As we enter the second week of Jana Partners and its allies acquiring a near 9% stake in the company, a few interesting developments have been revealed. However, a significant flaw in the hedge fund’s strategy remains.
* Amazon Not Buying Whole Foods Bloomberg reported that Amazon held internal discussions to acquire Whole Foods last fall, and the headlines flying around the Internet made it seem as if there was real interest. I believe there was no real interest.
Whatever internal dialogue they did have must have been perfunctory and a mere formality.
Nothing was reported about any formal discussions taking place between the two companies.
* The lowdown on Mark Bittman It was revealed (WSJ Paywall) that the notable food writer and cookbook author is being paid $90,000 to act as an advisor to Jana Partners and has purchased $25,000 in Whole Foods stock.
The Wall Street Journal also reported that Mark Bittman showed up at the Whole Foods corporate office in Austin last year and made an unsolicited pitch to consult for the company. Though the company took the meeting, it turned down his offer.
Mark Bittman thinks that Whole Foods has strayed from being an innovator in food retailing, that it needs to strengthen its brand, and that it should sharpen its focus on prepared foods. I agree with all three of these statements.
While Mark Bittman may be able to help upgrade the prepared foods section and possibly improve some aspects of the company’s brand, Jana Partners needs an advocate who embodies the purity of the organic mission in order to lure that core Whole Foods organic consumer back to the store.
Comments that Mark Bittman has made recently demonstrate that he is not that person.
During his keynote address at last year’s Organic Produce Summit in California, I heard him say “organic produce or non-organic produce — it doesn’t really matter, as long as people are eating fruits and vegetables.” Others have reported a slight variation on this.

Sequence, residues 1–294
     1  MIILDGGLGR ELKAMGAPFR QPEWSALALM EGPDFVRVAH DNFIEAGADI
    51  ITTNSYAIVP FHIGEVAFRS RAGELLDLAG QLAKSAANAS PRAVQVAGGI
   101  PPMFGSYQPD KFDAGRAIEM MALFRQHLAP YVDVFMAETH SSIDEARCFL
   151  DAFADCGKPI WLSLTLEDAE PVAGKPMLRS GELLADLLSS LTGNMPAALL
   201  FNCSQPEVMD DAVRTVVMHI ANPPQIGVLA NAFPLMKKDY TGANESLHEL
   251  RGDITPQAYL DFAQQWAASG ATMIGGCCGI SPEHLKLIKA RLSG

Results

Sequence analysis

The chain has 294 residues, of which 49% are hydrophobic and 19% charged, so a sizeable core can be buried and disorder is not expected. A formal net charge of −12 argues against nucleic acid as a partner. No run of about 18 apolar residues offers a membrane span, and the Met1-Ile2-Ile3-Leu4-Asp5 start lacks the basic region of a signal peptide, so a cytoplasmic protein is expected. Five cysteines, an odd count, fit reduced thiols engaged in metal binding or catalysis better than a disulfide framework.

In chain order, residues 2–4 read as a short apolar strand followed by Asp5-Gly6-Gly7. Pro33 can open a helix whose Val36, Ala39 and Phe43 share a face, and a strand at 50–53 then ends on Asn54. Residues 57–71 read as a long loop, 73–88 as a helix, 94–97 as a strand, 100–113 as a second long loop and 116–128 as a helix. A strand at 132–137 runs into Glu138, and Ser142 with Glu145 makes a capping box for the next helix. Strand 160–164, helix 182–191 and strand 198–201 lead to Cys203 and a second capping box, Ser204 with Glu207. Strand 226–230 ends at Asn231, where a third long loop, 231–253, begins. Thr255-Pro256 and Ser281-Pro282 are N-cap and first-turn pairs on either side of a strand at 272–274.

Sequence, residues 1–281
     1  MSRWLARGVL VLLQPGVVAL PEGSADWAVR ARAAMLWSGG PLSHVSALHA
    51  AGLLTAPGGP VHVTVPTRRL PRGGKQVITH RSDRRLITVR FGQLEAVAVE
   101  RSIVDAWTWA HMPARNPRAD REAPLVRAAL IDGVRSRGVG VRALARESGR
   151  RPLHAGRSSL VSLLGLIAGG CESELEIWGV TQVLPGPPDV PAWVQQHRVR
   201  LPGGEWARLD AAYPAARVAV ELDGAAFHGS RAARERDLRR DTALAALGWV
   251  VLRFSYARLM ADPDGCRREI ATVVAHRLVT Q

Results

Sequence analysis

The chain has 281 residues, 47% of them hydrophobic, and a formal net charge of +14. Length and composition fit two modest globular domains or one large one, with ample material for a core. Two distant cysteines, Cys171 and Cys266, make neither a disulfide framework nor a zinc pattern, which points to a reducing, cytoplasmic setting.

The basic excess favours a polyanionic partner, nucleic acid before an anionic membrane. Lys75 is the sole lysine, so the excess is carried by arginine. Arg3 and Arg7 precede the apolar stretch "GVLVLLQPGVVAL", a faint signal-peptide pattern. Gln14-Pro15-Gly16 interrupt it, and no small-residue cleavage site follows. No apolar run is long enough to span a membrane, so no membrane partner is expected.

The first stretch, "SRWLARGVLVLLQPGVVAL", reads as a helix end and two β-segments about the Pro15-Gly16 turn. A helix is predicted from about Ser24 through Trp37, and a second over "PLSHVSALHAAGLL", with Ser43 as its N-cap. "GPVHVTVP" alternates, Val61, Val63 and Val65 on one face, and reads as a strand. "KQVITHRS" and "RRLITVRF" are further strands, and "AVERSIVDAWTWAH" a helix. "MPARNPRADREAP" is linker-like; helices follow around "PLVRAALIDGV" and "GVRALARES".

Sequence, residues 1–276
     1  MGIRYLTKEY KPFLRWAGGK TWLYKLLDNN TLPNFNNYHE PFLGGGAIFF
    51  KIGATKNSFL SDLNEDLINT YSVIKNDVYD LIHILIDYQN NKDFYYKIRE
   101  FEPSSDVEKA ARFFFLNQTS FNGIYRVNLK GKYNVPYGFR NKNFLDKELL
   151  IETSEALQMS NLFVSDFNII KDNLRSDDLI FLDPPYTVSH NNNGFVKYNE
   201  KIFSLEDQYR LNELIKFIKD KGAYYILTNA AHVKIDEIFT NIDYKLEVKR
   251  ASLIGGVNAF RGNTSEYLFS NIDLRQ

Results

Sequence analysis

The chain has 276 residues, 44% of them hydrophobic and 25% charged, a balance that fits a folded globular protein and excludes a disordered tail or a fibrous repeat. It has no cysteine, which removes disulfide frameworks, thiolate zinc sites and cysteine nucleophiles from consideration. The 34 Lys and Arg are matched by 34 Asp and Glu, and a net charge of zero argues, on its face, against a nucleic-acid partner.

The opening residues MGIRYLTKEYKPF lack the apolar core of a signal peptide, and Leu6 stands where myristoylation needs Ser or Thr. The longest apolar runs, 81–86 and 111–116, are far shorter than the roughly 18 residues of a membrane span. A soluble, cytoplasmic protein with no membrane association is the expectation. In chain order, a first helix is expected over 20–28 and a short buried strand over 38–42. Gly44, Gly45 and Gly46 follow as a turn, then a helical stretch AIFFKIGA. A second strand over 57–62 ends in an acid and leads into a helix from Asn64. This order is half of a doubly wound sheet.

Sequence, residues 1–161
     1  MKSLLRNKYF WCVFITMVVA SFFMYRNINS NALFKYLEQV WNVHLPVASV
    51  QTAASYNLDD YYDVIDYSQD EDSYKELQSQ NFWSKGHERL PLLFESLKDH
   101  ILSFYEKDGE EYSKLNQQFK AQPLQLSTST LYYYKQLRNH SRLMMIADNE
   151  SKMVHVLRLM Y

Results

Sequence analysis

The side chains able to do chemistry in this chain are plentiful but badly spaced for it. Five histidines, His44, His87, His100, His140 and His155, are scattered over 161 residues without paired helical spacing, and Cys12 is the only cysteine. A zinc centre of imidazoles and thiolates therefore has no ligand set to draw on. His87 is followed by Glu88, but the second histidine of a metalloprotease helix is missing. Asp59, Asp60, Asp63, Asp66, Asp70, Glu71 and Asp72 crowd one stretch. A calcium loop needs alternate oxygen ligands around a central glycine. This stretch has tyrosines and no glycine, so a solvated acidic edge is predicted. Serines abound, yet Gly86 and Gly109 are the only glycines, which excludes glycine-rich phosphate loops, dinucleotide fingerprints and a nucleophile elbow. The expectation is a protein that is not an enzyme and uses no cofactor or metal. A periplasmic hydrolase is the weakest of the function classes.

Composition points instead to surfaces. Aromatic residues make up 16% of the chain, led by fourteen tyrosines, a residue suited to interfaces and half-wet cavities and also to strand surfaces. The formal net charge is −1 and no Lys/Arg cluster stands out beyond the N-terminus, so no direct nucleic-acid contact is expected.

The fact that he could make such a statement at an Organic Produce Summit was beyond galling. I almost fell off my chair in disbelief when he said this.
What Whole Foods shoppers constantly complain about is how much non-organic produce the store carries. The truth is that organic matters very, very much to the core Whole Foods customer.
Mark Bittman also co-authored an article a few months ago where he called GMO-labeling “parochial”.
There may be no other issue in the organic food movement that is more politically sensitive than GMO-labeling. Mark Bittman is completely out of touch with the views of the organic consumer.
* What Jana Partners is Missing Where Jana Partners seems to have a gaping hole in its strategy is that it does not truly appreciate the importance of organic food politics.
If Whole Foods were to embrace different views and become more politically engaged, as it relates to organic, it could have an enormous impact in luring shoppers back to its stores. Furthermore, it would cost them very, very little to do so. The ROI would be astronomical and would be much more impactful than any technology upgrade that Jana Partners plans to pursue.
Based on everything that I have read, I don’t think Jana Partners understands this at all. I invite the hedge fund to contact Organic Insider to share its viewpoint when it is ready.
Max Goldberg, Founder